Toddlers & Tiaras mom defends Honey Boo Boo’s Go-Go Juice: “I could be giving her alcohol”

The mother of “Honey Boo Boo,” six-year-old pageant competitor Alana Thompson, has defended feeding her daughter “Go-Go Juice,” which has been featured on TLC’s Toddlers & Tiaras.

June Shannon says giving Mountain Dew and Red Bull to a six year old is okay. She told ABC News pageant kids “have to be alive” on stage so “that’s just what I choose too do to my child” to “energize their body.” “There are far worse things,” she said. “I could be giving her alcohol.”

WHAT. IS THAT AN OPTION?!

Asked if she’s worried about the consequences, such as obesity, June demonstrated incredibly weak logic and a lack of self-awareness (just watch the video) by saying, “She’s not skinny but, whether skinny or fat, I am still going to love my children regardless. I could care less if they get up to 1,000 pounds; I am still going to love them.”

That wasn’t the question, moron. But of course, June isn’t the only moron; as the show as documented and ABC reports, they observed kids eating Skittles and drinking soda with caffeine “as early as seven in the morning,” while “in Austin, Texas, there also was no shortage of ‘pageant crack’ [Pixy Stix] to be found, consumed morning to night.”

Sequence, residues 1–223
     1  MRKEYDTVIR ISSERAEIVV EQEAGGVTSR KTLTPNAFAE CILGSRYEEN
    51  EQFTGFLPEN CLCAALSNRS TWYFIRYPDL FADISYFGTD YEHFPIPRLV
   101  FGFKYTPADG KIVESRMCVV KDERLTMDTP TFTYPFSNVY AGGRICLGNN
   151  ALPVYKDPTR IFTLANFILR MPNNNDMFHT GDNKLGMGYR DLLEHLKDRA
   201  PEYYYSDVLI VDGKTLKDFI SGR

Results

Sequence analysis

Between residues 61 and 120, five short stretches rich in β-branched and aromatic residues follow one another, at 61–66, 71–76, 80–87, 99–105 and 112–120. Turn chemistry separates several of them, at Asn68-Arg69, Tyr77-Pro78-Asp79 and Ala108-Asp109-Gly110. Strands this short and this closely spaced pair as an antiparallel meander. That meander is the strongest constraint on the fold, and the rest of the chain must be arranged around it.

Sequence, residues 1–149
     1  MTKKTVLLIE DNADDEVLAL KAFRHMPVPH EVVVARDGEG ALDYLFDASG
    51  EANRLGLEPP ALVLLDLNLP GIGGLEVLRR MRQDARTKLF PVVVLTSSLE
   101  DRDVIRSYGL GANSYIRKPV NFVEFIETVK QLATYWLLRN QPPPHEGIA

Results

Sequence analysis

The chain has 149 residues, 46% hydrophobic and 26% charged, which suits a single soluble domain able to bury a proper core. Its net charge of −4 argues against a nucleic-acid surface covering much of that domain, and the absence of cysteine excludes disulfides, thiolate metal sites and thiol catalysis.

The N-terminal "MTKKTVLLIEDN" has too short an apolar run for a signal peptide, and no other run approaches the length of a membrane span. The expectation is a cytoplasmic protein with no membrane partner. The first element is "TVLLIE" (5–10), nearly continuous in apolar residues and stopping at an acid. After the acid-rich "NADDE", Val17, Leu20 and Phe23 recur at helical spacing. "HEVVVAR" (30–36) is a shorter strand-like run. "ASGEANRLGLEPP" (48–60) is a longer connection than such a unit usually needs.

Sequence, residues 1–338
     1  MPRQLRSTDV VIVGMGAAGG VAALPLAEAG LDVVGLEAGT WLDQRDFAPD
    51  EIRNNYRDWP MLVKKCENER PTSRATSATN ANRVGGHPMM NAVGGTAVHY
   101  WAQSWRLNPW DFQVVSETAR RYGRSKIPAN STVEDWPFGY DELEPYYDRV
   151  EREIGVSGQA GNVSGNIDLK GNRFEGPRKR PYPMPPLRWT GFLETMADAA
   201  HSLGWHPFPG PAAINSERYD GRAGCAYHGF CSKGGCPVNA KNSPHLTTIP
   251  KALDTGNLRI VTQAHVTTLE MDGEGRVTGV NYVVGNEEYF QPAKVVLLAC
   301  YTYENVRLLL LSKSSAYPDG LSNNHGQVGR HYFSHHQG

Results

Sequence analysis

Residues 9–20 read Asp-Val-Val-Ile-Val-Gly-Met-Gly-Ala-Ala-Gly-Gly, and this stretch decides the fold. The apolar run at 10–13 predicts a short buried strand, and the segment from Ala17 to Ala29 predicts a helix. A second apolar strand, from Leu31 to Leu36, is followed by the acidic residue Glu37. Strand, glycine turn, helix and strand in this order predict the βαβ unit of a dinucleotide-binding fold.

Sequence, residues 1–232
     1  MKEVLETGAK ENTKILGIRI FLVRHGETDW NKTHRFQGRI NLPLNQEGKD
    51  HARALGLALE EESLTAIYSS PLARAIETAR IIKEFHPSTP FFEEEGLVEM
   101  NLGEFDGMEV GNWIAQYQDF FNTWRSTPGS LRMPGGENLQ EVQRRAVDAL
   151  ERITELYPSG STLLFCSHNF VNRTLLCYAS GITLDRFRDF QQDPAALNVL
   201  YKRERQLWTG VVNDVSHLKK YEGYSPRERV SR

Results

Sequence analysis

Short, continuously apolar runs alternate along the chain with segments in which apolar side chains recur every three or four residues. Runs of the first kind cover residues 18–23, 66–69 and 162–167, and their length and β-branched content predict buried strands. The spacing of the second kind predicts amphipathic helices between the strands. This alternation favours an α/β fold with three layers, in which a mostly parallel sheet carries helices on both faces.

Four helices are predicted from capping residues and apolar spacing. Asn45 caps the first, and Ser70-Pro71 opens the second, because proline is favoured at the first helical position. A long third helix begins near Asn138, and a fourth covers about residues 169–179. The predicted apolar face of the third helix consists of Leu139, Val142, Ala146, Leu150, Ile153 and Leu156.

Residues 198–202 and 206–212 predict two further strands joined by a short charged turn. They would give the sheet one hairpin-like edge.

Although I think the show abusive by itself, this is perhaps the kind of good it can do: drawing attention to the horrific stuff parents do to their children.

Review: Married at First Sight

Marriage At First Sight

In an era of Tinder and Grindr, instant acceptance or dismissal of a potential partner, or instant sex with another body, Married at First Sight offers the thrill of watching strangers deal with the very basics of relationships.

Beyond the headline-grabbing premise, the series has turned out to be a stripped-down, authentic exploration of something very interesting. Read the full review.

about the writer

Andy Dehnart is a journalist who has covered reality television for more than 15 years and created reality blurred in 2000. A member of the Television Critics Association, his writing and criticism about television, culture, and media has appeared on NPR and in Playboy, Buzzfeed, and many other publications. Andy, 36, also directs the journalism program at Stetson University in Florida, where he teaches creative nonfiction and journalism. He has an M.F.A. in nonfiction writing and literature from Bennington College. More about reality blurred and Andy.